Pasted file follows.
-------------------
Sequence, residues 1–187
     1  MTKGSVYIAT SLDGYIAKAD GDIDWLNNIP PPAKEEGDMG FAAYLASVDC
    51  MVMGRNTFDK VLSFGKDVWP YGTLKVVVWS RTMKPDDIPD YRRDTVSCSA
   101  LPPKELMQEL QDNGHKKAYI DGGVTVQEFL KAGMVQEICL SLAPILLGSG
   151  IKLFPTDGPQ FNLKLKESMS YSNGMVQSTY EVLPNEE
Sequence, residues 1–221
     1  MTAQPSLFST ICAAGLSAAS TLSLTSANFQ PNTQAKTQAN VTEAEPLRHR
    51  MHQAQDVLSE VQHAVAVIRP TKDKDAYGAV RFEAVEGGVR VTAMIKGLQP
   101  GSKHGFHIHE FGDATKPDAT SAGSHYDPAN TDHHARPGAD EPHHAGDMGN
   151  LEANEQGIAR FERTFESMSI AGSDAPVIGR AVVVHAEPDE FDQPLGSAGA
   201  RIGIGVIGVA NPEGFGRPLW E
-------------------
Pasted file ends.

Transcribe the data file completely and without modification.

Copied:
Sequence, residues 1–187
     1  MTKGSVYIAT SLDGYIAKAD GDIDWLNNIP PPAKEEGDMG FAAYLASVDC
    51  MVMGRNTFDK VLSFGKDVWP YGTLKVVVWS RTMKPDDIPD YRRDTVSCSA
   101  LPPKELMQEL QDNGHKKAYI DGGVTVQEFL KAGMVQEICL SLAPILLGSG
   151  IKLFPTDGPQ FNLKLKESMS YSNGMVQSTY EVLPNEE
Sequence, residues 1–221
     1  MTAQPSLFST ICAAGLSAAS TLSLTSANFQ PNTQAKTQAN VTEAEPLRHR
    51  MHQAQDVLSE VQHAVAVIRP TKDKDAYGAV RFEAVEGGVR VTAMIKGLQP
   101  GSKHGFHIHE FGDATKPDAT SAGSHYDPAN TDHHARPGAD EPHHAGDMGN
   151  LEANEQGIAR FERTFESMSI AGSDAPVIGR AVVVHAEPDE FDQPLGSAGA
   201  RIGIGVIGVA NPEGFGRPLW E